In late November of 2008, I left Taiwan and took a six-month contract in the Kingdom of Bahrain. My reason for leaving came from my feeling unsettled in Taiwan, not liking my job hours and having an incident with my manager, who basically ordered me to obey his ridiculous requests and hung up the phone on me. Life is too short to stay in a place where you don't want to be. So, I quit my job and hung out on an island called Penghu, where I swam in the sea and drank Taiwan beer. Within a week I had a job lined up in Bahrain.

Where is Bahrain? This is most likely the first question that pops into your head as it surely was mine. To give you an idea, it is a tiny island located in the Middle East right off the coast of Saudi Arabia in the Persian Gulf. There is a huge US Naval Base, which provides key support in many operations in the area.

For six months I worked at the International School of Choueifat as a Primary school/English teacher. Teaching children in a culture that virtually stresses no discipline and has no consequences is not the easiest of tasks; however, I survived.
When I first arrived in Bahrain, I learned that I would be given a month-long paid holiday. Many jobs don’t boast such a perk. I took advantage of my location and booked a flight to Egypt, where I spent the holidays. Strange to think how Cairo has become a second home to me now. I enjoyed spending the holidays with friends, but I was truly homesick. After I accidentally dropped the host on the ground at Christmas mass and the elderly priest nearly keeled over picking it up and then almost setting the church on fire when I tried to light some candles really put me off. I guess it is just a time when I may want to return home.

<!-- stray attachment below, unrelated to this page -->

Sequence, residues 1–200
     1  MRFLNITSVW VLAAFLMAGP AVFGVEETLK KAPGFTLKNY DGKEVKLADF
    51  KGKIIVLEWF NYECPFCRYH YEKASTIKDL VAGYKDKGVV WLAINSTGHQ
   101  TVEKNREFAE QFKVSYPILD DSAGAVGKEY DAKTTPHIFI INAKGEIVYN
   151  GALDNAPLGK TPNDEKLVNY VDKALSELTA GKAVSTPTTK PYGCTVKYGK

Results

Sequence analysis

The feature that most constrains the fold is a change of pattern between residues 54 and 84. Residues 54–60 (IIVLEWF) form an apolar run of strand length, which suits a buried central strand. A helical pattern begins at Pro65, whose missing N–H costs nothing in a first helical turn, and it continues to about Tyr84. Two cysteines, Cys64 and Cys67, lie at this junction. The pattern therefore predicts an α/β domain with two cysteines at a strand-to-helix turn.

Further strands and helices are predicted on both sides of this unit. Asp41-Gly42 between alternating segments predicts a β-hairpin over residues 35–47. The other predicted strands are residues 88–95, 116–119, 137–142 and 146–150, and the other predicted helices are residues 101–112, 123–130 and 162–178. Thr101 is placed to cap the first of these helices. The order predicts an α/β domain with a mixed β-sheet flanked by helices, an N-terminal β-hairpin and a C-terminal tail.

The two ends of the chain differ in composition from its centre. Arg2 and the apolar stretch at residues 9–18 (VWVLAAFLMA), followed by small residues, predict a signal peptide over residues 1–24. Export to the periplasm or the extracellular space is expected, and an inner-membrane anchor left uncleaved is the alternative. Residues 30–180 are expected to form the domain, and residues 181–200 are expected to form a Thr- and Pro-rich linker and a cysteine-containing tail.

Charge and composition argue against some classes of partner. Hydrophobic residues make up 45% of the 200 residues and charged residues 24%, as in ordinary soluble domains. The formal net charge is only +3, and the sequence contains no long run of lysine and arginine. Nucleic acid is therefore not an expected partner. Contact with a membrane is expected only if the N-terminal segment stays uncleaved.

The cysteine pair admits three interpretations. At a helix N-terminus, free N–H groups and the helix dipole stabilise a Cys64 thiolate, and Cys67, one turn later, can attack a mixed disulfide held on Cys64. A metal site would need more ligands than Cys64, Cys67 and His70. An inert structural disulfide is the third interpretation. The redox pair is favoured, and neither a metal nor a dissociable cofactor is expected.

My only vacation during this time was to be a brief 10-day vacation on the deserted island of Socotra…owned by Yemen, but located closer to Somalia. I traveled by myself and the first few days were glorious aside from the pain in the ass tour guide named Wagdy. On the fourth day of travel I had an accident in the ocean. I was picked up by a wave and slammed down on a sand bar. When I came up from the water, I realized that my collar bone was jutting out. I was ‘rushed’ to the hospital (by this means a one hour drive on bumpy roads) braless and with sand on my face and wet hair blowing in my face.

I was rushed to the one room emergency area where a Russian doctor told me in broken English and Arabic that I needed surgery…this was upon just looking at me. I insisted I needed an x-ray, so they took me to the x-ray shack, which was locked. They gave me a plastic chair and I sat in the shade and waited. Finally, the man who was sleeping inside next to the x-ray table opened up the door and I, along with five other men, were in the room having some x-rays from the 1950s developed. I think my ovaries were radiated, but in situations and pain that I was feeling, I really didn’t care much. The x-ray did indeed reveal a break and a man ran from the x-ray shack to the emergency room ( a dingy room with two beds and a small desk) to show the doctor. I along with the doctor, tour guide, driver and random onlookers all stared at my x-ray illuminated on the wall. Again, the Russian man re-affirmed, “Surgery.” He then told me to leave the island. In the meantime, he chose to wrap my upper torso like a mummy with ace bandages. I told him that this just was not feasible, so he asked for a sling. Unfortunately, the latest shipment of slings was held up in Al Mukalla on the mainland due to pirated waters and would not be there for the next month. The solution to it all was to take the head scarf from my tour guide and make a very basic sling to support my arm. Rock on third world medicine!